What does the bipartisan infrastructure bill approved by the house include?
The House of Representatives approved the Bipartisan Infrastructure bill on Friday evening. What measures did the final version of the bill include?
Against the wishes of Progressive Democrats, Speaker Nancy Pelosi brought the Bipartisan Infrastructure package to a vote in the House of Representatives. The Progressive Caucus has argued that they would not vote on the package until the reconciliation bill was also introduced in the chamber. Despite the Progressive opposition, all Democrats voted to approve the bill. Additionally, thirteen Republican members voted with Democrats, separating from the common position of their party.
Which Republicans voted to approve the Bipartisan Infrastructure Plan?
Democrats had a hard election night on Tuesday. Terry McAuliffe lost the governor's race in Virginia, and Phil Murphy scraped by with a victory after many had projected a landslide. This may have been a sign to Democratic leadership that they needed to work to enact the President's agenda or else their electoral chances in the Mid-Terms could parallel what was seen early this week.
The White House has released a factsheet detailing the measures that made it into the final version.
Household health and technological benefits
The package includes funding to eliminate lead piping from the countries water system. Around the country, around ten million people lack access to safe drinking water. This issue disproportionately impacts communities of color and Tribal Nations and the bill will invest $55 billion to tackle the issue.
At the household level, the bill will also ensure that every American has access to high-speed internet. The White House stated that “more than 30 million Americans live in areas where there is no broadband infrastructure that provides minimally acceptable speeds.” Those in rural areas tend to have less access to reliable internet and also tend to pay higher prices. The infrastructure package allocates more than $65 billion to “help lower prices for internet service and help close the digital divide so that more Americans can afford internet access.”
Investments in traditional infrastructure
While President Biden had initially proposed a much more sweeping infrastructure package that included investments in workers, Republicans rejected the plan. Instead, this package is much more focused on traditional investments in physical infrastructure like roads, bridges, airports, ports, and more. More than $110 billion will be spent to “repair and rebuild our roads and bridges with a focus on climate change mitigation, resilience, equity, and safety for all users.”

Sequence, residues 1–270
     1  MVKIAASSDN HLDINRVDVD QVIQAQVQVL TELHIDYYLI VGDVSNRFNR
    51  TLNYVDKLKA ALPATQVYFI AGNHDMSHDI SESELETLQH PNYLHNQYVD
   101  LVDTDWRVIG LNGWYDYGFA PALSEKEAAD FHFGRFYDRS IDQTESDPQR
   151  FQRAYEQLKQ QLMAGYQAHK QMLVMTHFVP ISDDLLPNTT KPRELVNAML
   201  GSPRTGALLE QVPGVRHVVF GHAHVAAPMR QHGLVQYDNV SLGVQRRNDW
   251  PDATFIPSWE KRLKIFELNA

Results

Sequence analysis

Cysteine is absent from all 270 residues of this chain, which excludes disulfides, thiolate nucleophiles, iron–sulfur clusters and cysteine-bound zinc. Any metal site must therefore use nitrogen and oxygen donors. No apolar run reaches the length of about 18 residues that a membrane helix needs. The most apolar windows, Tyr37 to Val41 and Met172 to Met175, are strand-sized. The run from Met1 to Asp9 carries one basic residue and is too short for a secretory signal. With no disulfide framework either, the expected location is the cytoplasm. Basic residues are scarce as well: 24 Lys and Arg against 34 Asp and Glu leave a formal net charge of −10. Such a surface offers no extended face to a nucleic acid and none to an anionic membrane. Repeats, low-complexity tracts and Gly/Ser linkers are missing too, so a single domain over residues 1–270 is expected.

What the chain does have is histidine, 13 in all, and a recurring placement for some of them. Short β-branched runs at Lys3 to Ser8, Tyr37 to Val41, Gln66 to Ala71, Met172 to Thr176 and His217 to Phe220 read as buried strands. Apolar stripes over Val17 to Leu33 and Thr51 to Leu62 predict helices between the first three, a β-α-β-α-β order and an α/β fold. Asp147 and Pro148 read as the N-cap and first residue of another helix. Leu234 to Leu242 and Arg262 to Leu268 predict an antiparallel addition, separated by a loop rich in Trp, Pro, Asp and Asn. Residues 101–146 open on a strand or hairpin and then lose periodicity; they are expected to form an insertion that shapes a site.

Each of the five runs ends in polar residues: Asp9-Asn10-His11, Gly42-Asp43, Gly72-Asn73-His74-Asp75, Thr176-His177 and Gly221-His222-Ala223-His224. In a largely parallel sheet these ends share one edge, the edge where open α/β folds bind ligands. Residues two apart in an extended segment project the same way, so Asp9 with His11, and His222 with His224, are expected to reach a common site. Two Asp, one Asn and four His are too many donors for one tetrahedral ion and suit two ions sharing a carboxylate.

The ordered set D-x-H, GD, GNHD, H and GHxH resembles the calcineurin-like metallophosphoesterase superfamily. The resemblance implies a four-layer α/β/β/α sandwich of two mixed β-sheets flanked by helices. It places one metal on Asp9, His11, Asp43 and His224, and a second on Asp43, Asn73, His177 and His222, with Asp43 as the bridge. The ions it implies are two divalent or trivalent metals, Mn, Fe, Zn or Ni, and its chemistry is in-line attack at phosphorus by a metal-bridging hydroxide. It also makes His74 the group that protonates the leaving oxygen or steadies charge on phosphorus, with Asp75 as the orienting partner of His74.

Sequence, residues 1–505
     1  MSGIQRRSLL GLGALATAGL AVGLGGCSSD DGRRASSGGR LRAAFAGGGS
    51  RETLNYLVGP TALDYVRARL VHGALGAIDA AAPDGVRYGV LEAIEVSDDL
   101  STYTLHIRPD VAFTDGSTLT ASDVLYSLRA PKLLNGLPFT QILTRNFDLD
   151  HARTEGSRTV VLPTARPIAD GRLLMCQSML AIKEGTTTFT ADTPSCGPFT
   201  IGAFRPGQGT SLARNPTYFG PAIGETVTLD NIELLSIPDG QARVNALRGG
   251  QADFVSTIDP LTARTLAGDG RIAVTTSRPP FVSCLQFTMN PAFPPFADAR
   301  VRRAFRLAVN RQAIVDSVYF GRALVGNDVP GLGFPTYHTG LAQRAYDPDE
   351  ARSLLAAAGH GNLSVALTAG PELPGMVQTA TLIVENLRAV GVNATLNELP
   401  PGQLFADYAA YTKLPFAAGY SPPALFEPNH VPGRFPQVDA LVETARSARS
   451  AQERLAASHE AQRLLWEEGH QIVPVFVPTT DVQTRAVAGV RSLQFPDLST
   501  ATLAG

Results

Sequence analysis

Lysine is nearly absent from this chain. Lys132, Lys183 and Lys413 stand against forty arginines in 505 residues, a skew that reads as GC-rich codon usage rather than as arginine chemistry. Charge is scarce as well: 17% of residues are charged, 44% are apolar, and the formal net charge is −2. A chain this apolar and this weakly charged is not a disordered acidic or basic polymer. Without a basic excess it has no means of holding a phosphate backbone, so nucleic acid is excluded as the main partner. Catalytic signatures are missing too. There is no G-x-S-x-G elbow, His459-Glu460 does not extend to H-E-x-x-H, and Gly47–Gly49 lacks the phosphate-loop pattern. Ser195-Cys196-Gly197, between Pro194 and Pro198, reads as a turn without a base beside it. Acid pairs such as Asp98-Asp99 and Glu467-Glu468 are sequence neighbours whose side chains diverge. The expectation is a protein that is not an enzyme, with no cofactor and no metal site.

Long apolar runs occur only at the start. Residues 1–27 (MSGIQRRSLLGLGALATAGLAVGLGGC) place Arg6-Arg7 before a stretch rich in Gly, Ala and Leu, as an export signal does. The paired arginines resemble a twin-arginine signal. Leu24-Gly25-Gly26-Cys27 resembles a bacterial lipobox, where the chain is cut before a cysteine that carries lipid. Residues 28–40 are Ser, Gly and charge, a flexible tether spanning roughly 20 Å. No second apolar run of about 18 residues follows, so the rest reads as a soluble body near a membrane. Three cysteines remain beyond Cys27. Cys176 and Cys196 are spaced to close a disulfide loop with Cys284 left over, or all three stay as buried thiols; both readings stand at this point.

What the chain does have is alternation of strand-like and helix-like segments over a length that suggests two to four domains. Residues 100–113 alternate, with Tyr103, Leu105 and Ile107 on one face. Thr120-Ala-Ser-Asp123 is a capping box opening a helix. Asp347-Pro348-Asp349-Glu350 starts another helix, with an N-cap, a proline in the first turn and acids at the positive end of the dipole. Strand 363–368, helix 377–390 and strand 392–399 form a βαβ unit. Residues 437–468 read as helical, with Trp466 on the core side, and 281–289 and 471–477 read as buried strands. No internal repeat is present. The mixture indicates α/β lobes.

The proposal also aims to decrease traffic fatalities, which took the lives of more than 20,000 people in the first half of 2021, by establishing the first-ever Safe Streets and Roads for All program.
As for ports/waterways and airports ways more than $17 and $25 billion, respectively will be spent to “repair and maintenance backlogs, reduce congestion and emissions near ports and airports, and drive electrification and other low-carbon technologies.” The pandemic has taken a massive toll on supply chains and this money could really help logistic and transport industries bounce back and help bring prices for consumers down.
Public transportation and passenger rail expansion
Climate advocates argued that investments in public transit systems are needed for two key reasons. The first is that reaching the nation’s climate targets is reliant on taking many gas cars off the road. Additionally, many systems have taken a hit during the pandemic as many commuters began working from home. The bill includes “$89.9 billion in guaranteed funding for public transit over the next five years — the largest Federal investment in public transit in history.” The package also includes measures to support accessibility for seniors and people with disabilities.
Additionally, the bill “makes the largest investment in passenger rail since the creation of Amtrak.” Amtrak will see a $66 billion investment to “eliminate the Amtrak maintenance backlog, modernize the Northeast Corridor, and bring world-class rail service to areas outside the northeast and mid-Atlantic.”
When will the reconciliation bill be brought to a vote?
In speaking with the press, Nancy Pelosi said she aimed to bring the reconciliation social spending bill to a vote by Thanksgiving. While many more conservative Democrats had signed onto the agreement, some backtracked saying that they wanted to see the report from the Congressional Budget Office on possible deficit implications.